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International News

Thailand: Women With HIV Break Silence, Confront Stigma

March 22, 2010

A joint initiative by the non-governmental organization Raks Thai Foundation (RTF) and the UN Development Fund for Women (UNIFEM) seeks to secure the rights of women living with HIV in Thailand. Key program objectives include developing peer-based community outreach that will support HIV-affected women in the Trat and Chang Mai provinces and conducting awareness campaigns with health experts in these areas.

"In most communities, HIV-positive women are often seen as being promiscuous," said Dararat Boonpak, a psychologist at the state hospital in Trat. "They are often verbally abused and sexually harassed if their status is known."

"Women are often blamed for getting infected," said Wantong Rattanasongkram of RTF, who is working on the project. "Our task is to build confidence and to deal with quality-of-life issues."

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Since 1984, Thailand has recorded more than 1.1 million HIV/AIDS cases. Over a third of those infected -- nearly 400,000 -- have been women. While the country has enjoyed success in promoting condom use, "the main mode of [HIV] transmission is among married couples," according to UNAIDS.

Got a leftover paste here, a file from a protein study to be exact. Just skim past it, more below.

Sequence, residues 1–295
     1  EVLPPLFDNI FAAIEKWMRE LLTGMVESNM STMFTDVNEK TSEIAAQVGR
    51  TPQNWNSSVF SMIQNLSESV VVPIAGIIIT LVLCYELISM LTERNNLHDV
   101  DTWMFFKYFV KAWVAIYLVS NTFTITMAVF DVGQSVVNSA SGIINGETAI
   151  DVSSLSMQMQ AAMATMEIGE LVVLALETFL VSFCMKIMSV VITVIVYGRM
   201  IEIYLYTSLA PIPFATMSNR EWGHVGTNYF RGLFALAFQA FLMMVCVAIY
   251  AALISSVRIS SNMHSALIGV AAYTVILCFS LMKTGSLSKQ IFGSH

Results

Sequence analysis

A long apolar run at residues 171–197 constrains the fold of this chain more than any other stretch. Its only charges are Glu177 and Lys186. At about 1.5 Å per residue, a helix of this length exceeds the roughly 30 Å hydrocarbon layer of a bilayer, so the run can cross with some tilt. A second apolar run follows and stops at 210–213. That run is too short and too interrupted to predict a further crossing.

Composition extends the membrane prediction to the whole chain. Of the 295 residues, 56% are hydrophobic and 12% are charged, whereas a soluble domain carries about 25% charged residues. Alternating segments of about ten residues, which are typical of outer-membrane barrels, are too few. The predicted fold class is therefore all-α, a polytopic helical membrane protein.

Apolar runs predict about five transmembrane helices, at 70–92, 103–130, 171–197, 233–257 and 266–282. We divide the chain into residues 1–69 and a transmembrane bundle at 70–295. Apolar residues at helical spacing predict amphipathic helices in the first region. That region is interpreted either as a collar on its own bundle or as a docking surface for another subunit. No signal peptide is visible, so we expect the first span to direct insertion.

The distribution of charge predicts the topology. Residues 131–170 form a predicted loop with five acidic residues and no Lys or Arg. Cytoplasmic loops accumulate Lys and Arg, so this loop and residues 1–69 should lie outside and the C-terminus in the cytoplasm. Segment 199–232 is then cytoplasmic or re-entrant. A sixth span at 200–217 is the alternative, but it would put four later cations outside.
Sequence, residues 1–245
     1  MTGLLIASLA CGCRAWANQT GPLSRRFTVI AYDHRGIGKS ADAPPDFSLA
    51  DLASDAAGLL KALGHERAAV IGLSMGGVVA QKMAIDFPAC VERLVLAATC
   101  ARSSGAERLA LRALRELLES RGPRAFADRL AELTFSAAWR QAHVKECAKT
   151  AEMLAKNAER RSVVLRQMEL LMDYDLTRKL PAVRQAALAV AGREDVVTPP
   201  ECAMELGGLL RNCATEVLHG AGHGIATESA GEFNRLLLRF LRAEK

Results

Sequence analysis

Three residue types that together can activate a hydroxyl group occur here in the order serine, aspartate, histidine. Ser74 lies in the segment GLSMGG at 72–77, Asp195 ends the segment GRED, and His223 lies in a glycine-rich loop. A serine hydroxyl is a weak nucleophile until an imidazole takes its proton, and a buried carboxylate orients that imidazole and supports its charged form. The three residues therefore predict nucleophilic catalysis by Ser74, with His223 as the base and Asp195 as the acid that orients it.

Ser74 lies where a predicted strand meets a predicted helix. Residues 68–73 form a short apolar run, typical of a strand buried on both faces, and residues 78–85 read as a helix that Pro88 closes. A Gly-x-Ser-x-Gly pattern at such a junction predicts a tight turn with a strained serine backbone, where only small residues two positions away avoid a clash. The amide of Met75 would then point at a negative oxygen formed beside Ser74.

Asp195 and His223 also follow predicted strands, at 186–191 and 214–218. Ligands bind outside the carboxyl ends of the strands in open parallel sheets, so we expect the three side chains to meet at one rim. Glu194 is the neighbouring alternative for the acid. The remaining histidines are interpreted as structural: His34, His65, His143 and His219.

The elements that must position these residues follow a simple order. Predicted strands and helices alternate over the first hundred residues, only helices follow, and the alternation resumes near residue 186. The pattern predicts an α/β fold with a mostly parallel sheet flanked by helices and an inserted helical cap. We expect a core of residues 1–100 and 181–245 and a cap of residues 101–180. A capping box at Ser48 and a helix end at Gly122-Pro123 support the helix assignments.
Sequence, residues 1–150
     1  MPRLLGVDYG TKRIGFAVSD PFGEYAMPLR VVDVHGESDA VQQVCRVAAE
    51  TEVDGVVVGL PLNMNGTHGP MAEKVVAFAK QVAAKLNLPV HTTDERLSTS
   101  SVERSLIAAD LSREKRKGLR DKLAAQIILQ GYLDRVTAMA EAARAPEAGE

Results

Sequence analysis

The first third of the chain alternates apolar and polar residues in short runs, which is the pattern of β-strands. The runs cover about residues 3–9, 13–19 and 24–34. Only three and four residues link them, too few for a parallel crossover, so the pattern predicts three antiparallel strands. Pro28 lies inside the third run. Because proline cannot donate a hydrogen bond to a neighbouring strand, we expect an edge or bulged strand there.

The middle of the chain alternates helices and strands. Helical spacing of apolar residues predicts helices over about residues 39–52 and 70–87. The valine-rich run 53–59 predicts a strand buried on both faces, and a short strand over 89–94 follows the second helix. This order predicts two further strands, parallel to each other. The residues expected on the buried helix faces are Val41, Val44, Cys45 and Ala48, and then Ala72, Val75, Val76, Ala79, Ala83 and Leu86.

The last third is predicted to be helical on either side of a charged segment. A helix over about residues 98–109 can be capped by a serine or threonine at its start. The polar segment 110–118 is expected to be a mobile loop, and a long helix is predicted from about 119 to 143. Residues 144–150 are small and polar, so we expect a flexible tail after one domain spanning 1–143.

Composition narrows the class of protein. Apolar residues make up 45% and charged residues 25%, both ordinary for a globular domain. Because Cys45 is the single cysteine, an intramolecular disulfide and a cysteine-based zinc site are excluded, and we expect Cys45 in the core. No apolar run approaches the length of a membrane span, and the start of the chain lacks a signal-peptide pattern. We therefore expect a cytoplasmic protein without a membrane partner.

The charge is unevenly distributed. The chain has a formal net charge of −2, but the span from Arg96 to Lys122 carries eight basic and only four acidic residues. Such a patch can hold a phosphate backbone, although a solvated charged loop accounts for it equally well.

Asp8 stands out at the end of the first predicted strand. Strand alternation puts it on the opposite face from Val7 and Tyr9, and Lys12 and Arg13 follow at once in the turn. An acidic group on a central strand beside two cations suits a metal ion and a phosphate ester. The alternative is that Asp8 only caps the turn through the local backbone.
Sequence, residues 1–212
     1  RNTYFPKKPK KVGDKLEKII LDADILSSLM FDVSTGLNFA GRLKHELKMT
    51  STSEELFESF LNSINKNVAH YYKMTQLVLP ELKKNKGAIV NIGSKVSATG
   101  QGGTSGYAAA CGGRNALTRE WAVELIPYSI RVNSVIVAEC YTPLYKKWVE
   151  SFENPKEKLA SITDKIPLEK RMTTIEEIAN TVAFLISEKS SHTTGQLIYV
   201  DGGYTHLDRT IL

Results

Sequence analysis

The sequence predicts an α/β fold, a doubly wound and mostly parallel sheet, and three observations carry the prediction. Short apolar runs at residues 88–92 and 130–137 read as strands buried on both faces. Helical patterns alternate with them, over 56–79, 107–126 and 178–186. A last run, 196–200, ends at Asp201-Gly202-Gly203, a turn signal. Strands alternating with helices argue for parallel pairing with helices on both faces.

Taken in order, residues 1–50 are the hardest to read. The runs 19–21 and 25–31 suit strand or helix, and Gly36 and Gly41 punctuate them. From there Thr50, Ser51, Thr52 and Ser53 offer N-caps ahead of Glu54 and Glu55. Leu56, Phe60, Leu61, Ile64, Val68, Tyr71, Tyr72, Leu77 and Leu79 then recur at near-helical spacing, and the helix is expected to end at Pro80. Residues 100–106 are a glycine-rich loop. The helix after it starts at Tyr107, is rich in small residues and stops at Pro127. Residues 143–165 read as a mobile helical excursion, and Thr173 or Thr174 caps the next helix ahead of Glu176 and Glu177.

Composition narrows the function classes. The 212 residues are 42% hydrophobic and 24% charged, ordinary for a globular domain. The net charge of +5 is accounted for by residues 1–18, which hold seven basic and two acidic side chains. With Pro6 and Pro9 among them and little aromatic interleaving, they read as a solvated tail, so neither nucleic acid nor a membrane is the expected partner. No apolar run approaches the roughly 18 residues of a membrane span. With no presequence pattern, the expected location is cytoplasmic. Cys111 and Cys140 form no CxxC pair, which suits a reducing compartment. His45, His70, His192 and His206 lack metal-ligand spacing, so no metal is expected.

The RTF-UNIFEM program has enrolled some 250 women in Trat over the past two years. For participant Veena Panudej, it has been a life-changing journey. She has gone from being quiet and shy to asserting herself as a confident leader confronting HIV/AIDS stigma.

"I go to the local hospital and stay there 'til three in the afternoon to help in the counseling service offered to HIV-positive women," said Veena. "I have to be brave to speak out and to express my concerns and those of other women. Our role is to help positive women who face discrimination at home, in their communities or even in the hospital."

Back to other news for March 2010

Adapted from:
Inter Press Service
02.20.2010; Marwaan Macan-markar


  
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This article was provided by CDC National Prevention Information Network. It is a part of the publication CDC HIV/Hepatitis/STD/TB Prevention News Update.
 
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